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Maximize Your 401 Match

If your company encourages retirement savings through some kind ofmatching arrangement, like a 401 match, dont miss out on capturing that free money.

If your employer pays you 50 cents for every $1 you put away up to 6% of your salary, thats a 50% return right away. With that level of high return, it only makes sense to prioritize it over almost all non-mandatory debt repayment.

Investments Need Strategies In Retirement

As with all investment strategies, whether self-directed, with the advice of a financial advisor, or through brokerage, there is always a risk.

You may also find that the custodial and administrative fees for starting with small amounts of retirement funds can seem prohibitive compared to what you have. Tax benefits offset fees. Invested money gets tax benefits.

You should also be aware that prohibited transactions can cause tax problems for your retirement plan. Self-dealing is when you, the account owner, benefit directly from the asset, rather than the retirement plan which made it.

It also means that you should avoid transacting business with disqualified people. Internal Revenue Code Sections 4975 and 408 define a disqualified individual as the IRA holder, the IRA owners ascendants or descendants, and any entity controlled and managed by those individuals.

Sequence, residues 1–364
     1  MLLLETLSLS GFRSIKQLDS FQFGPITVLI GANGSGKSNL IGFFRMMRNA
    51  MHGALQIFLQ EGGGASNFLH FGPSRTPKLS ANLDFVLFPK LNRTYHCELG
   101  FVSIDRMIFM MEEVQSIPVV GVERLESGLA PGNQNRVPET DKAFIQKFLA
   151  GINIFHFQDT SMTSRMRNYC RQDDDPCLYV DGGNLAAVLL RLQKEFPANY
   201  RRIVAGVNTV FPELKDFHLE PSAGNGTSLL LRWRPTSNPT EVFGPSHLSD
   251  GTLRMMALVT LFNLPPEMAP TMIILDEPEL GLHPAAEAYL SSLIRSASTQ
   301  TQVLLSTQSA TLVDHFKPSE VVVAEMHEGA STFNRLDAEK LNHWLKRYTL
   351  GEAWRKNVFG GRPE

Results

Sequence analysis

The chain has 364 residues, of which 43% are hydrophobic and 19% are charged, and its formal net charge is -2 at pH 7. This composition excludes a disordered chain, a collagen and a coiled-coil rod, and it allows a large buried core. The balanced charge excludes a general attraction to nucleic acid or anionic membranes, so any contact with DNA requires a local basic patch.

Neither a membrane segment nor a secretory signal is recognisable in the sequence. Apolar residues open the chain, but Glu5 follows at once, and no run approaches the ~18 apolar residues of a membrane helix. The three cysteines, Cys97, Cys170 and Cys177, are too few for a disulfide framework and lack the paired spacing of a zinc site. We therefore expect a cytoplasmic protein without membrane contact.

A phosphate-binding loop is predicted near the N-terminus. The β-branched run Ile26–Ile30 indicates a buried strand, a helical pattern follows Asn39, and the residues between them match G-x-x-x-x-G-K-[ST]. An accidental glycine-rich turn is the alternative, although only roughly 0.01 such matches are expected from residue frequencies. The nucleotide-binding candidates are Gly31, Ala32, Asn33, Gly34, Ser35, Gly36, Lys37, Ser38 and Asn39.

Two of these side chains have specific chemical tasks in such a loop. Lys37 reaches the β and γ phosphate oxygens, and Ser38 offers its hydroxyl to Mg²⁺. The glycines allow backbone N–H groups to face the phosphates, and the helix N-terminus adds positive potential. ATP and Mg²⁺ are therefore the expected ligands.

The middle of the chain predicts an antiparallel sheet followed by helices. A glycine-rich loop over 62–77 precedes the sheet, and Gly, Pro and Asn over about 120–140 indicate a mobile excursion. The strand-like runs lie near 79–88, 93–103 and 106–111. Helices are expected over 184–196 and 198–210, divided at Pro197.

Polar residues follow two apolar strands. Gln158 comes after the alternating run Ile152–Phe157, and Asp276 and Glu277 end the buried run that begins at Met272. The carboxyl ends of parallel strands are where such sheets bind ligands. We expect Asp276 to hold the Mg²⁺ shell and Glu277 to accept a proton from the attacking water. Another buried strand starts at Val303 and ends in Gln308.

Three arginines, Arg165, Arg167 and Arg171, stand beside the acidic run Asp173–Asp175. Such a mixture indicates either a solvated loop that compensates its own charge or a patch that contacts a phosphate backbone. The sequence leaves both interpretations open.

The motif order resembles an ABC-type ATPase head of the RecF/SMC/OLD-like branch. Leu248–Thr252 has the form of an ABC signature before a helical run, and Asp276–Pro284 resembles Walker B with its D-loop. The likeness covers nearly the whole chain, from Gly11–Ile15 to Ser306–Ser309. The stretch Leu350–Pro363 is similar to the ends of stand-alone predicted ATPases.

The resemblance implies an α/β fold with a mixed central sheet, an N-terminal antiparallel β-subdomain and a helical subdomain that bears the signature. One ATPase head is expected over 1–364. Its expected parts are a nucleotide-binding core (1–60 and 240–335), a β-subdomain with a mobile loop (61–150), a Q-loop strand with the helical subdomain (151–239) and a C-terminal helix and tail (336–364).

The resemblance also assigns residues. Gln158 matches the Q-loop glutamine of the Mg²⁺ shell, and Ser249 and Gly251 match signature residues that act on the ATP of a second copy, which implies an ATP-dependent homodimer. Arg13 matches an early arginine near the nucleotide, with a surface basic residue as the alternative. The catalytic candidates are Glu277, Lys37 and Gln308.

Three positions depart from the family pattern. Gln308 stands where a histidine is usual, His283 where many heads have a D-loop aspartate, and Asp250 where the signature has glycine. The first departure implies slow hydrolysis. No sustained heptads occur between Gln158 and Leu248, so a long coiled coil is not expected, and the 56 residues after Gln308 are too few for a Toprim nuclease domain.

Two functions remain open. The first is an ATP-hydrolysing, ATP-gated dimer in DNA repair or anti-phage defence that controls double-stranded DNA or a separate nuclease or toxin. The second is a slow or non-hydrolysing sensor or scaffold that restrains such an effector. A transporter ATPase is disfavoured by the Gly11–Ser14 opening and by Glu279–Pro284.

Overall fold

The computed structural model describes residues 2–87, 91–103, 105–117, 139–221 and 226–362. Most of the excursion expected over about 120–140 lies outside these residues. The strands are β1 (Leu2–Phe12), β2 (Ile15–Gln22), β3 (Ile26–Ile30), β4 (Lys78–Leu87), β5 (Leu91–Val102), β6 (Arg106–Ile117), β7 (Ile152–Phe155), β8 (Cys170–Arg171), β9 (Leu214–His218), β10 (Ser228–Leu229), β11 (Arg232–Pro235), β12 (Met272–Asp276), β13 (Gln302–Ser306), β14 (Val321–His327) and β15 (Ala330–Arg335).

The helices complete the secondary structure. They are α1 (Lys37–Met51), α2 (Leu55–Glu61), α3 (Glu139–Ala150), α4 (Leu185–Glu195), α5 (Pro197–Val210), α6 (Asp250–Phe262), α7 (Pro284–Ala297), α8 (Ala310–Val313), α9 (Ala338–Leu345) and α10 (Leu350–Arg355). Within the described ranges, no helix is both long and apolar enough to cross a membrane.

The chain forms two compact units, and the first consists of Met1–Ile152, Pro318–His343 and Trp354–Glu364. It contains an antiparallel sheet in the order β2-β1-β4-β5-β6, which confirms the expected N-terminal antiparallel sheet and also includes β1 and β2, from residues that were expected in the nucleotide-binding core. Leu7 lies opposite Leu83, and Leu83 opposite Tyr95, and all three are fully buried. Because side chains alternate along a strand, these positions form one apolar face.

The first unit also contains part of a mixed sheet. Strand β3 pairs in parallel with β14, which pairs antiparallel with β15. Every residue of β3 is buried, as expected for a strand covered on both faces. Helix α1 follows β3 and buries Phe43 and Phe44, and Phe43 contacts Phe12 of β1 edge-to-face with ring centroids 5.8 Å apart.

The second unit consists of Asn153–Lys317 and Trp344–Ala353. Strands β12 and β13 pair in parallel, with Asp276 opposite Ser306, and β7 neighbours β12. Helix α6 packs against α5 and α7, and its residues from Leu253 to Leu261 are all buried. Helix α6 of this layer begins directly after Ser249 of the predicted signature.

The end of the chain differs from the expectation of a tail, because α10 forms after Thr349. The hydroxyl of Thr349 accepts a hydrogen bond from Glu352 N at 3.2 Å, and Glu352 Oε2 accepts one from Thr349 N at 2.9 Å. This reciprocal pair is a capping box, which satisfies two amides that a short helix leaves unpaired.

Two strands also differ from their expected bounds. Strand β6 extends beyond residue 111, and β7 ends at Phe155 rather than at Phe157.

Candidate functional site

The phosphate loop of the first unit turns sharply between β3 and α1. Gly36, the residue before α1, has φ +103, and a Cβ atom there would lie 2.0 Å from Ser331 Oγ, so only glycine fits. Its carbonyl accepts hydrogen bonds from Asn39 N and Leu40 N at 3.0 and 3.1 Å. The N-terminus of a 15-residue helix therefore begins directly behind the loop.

Certain types of transactions involving the IRA are not allowed to be conducted by disqualified persons. This is outlined in detail on the IRS Website.

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Consolidate Debt With A Personal Loan

If you have several different debts to pay off, you might save on interest by consolidating them into one personal loan. Personal loans generally charge lower interest rates than credit cards, making them a good way to pay off high-interest credit card debt.

With a personal loan, you borrow a lump sum and make fixed monthly payments over time until the debt is paid off. Unlike secured loans such as mortgages and car loans, personal loans generally require no collateral, so your assets aren’t at risk. Because these loans are unsecured, however, it’s easier to qualify if you have good credit.

You can get personal loans from banks, credit unions and online lenders. Before applying for a loan, check your credit report and . This will help you identify personal loans for which you’re likely to be approved.

Shop around for a personal loan to find the most favorable terms. Because each personal loan application generates a hard inquiry into your credit report, aim to keep your loan applications within the span of a couple weeks. Hard inquiries can temporarily cause your credit score to dip slightly, but applications for the same type of credit in a short time period are generally treated as one hard inquiry, minimizing their impact on your credit score.

How To Find Affordable Housing

3 ways to pay off debt in retirement